Holistic medicine consists of treating the body as a whole; using whole herbs and complete supplements rather than single chemical sources, using a whole spectrum of treatments available rather then a single one. Diagnostic methods and vocabulary may be used that are different than what conventional veterinarians are accustomed to, including methods used for thousands of years. This does not mean that they are wrong, or mere superstition. Instead, they may bring insight by offering a new way of looking at things, which can guide the veterinarian to a new treatment modality. This is especially true of chronic diseases.
Holistic veterinary medicine is increasing in importance and use in veterinary practice. Treatments, which were originally considered alternative, are now becoming part of mainstream medicine. Integrative medicine often has a better answer for chronic diseases than does conventional medicine alone
The goal of holistic medicine is to help the body heal itself, treat the whole body, not just the symptoms, and to provide solutions that are more natural, with less side effects. Better food and exercise are part of this way of practicing. Veterinarians who practice complementary medicine generally have additional training and often, special certification in their chosen modalities.
This form of medicine has other names, reflecting its various aspects:
- Complementary medicine: treatments that may not be currently taught at veterinary schools, based on traditional medicine, which complement conventional treatments
- Natural medicine: not using artificial or man-made substances; using natural methods such as acupuncture, massage, herbs and nutritional supplements, and whole foods rather than artificial ingredients (such as color or artificial flavors)
- Alternative medicine: use of non-conventional but valid methods, including ancient ones such as Ayurvedic medicine and Traditional Chinese Medicine.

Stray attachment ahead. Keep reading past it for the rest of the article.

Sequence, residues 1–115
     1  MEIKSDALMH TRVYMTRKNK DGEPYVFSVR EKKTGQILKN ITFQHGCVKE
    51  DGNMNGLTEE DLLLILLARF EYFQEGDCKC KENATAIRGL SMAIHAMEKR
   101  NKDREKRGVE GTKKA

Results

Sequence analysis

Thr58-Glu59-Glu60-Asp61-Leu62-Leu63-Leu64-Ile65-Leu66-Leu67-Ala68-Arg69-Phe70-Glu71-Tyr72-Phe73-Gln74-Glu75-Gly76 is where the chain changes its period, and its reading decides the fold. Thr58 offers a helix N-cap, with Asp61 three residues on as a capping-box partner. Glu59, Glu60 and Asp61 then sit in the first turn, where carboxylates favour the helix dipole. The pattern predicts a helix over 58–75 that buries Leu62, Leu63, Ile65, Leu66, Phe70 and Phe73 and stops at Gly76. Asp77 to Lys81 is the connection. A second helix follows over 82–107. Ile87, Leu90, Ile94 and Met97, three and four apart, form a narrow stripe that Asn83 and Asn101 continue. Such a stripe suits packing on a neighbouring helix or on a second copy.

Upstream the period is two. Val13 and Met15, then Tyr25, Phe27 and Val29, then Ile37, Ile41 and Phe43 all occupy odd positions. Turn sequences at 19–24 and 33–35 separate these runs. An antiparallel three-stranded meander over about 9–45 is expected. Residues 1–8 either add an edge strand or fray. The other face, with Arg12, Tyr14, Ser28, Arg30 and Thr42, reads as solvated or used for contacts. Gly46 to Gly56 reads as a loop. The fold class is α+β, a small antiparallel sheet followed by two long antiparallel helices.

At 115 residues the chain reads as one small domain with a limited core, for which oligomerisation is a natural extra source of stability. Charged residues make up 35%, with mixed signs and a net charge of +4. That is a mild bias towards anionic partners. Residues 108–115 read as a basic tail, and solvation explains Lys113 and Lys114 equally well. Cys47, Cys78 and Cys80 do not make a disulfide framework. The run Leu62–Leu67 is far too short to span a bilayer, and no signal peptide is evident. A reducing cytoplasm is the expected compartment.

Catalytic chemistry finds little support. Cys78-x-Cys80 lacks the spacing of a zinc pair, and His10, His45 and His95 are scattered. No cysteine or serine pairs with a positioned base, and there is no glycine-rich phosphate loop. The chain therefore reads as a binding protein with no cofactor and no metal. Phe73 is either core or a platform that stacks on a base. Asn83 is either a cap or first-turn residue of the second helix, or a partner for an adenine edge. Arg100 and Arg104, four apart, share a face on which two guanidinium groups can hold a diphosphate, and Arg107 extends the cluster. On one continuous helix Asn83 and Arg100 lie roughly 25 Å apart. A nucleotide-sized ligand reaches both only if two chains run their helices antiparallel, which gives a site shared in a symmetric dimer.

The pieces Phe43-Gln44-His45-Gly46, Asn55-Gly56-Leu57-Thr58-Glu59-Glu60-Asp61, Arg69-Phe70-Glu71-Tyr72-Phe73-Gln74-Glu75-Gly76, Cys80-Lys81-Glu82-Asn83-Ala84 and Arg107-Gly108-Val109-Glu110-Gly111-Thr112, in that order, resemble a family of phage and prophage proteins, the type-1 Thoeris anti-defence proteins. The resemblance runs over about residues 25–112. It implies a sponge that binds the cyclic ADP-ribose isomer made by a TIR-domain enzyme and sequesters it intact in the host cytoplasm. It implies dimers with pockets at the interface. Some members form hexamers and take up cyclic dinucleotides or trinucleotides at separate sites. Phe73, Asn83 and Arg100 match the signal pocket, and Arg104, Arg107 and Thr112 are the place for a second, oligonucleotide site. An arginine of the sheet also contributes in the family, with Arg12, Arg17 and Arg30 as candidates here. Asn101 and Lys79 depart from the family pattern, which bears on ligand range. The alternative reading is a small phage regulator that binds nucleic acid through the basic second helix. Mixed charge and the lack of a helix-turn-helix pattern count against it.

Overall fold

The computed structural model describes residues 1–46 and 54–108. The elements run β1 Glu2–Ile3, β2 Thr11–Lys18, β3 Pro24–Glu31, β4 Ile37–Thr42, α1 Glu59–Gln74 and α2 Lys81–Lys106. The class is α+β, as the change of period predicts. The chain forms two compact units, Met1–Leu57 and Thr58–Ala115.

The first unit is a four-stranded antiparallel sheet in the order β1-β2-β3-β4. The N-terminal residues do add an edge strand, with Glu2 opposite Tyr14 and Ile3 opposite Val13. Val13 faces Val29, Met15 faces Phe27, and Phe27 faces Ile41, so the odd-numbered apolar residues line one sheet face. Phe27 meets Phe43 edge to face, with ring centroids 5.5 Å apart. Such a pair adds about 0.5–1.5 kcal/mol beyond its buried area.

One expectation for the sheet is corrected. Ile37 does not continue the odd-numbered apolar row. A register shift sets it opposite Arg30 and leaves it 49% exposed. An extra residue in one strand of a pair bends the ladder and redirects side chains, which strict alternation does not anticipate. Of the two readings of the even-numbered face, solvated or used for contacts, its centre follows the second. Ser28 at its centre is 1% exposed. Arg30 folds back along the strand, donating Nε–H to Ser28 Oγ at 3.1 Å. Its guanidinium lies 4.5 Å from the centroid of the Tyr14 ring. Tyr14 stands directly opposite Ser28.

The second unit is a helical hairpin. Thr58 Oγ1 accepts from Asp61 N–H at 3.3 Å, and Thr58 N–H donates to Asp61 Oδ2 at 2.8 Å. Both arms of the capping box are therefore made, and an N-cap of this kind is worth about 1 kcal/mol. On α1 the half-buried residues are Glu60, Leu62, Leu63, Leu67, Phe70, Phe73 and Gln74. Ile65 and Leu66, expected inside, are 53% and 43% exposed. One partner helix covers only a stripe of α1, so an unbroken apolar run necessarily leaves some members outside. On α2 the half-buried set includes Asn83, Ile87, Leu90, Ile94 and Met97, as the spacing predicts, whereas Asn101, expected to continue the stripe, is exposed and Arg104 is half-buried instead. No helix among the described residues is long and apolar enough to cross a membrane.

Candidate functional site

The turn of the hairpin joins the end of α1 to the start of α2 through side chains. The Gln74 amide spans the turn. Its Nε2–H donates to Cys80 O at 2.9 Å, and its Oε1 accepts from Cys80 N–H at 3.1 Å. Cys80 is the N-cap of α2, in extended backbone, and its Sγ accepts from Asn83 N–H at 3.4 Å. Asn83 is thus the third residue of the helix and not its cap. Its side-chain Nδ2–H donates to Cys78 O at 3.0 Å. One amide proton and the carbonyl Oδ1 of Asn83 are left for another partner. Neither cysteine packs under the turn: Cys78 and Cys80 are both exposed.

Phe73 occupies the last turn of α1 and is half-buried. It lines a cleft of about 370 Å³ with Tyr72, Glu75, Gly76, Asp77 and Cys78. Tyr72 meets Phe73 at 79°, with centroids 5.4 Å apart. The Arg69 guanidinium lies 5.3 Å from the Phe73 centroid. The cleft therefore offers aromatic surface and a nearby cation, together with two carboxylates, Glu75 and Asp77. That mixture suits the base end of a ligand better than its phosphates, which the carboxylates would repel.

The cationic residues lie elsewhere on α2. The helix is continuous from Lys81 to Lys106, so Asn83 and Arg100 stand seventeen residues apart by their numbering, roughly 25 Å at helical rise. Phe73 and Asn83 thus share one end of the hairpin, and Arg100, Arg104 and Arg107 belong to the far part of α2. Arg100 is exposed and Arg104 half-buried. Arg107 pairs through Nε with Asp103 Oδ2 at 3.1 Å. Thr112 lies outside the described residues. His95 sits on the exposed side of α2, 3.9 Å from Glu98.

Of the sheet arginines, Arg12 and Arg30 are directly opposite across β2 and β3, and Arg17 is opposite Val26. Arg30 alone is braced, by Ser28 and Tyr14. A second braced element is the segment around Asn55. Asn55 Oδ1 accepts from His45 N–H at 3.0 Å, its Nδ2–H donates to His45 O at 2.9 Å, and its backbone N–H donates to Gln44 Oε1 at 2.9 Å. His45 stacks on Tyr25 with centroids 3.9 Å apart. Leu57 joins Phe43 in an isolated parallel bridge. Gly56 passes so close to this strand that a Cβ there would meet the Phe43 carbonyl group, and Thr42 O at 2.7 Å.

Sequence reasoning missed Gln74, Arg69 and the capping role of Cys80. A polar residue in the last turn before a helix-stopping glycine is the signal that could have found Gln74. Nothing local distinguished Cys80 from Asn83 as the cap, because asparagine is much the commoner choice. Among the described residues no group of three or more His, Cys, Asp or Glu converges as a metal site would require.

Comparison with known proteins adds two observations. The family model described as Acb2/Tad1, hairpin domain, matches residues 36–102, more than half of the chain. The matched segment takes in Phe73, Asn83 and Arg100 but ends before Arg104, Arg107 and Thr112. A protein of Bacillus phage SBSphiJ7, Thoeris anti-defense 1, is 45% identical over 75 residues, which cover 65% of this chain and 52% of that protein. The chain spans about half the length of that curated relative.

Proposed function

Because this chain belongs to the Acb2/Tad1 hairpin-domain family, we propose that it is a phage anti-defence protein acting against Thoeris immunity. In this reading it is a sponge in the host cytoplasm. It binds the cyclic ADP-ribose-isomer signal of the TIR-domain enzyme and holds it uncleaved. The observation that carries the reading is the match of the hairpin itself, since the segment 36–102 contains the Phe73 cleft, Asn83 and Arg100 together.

- Integrative medicine: using the best of conventional and holistic medicine together
Integrative Medicine for Horses and Livestock
In the case, holistic medicine has a different emphasis. For horses, a big part of the emphasis of holistic medicine is sports medicine. Horse owners have been using physical therapy, including nutraceutical therapy, for many years. Stem cell therapy research started in horses before it was used in dogs (2003 vs 2006). Glycosaminoglycans have been available as products for horses longer than for dogs (since 1984 vs 1997 for dogs).
Reproductive problems are important for all large animals, and acupuncture plays a big part here. Some herbal medicine is also used. Large animals are commonly treated by the veterinarian, going to stables or farms although owners may bring individual animals in to a central clinic.
Use of holistic medicine:
- One out of 4 humans hospitals in the US offered some type of Complementary or Alternative medicine services in 2006
- Many pet owners use holistic medicine for the themselves and their pets; they often do not tell their veterinarian this
- There can be some interactions of holistic methods and conventional methods, especially when clients use them without consulting a knowledgeable veterinarian
- Holistic methods may look or sound strange, unless you know the background behind them
- Just as MDs are not qualified to practice on pets, most human holistic practitioners are not qualified to practice on pets
Integration with conventional medicine:
- Conventional medicine has many useful diagnostic techniques unknown to ancient practitioners
- Surgery can be life-saving
- In emergency situations, conventional medicine works quickly and saves lives
- Holistic methods work well for chronic disease
- Holistic methods are ideal for whole-body support
- Holistic practitioners are an essential component of integrative medicine
Some holistic modalities:
- Herbal therapy
- Massage Therapy
Examples of holistic treatments that are now main-stream:
- Fish oil
- Milk thistle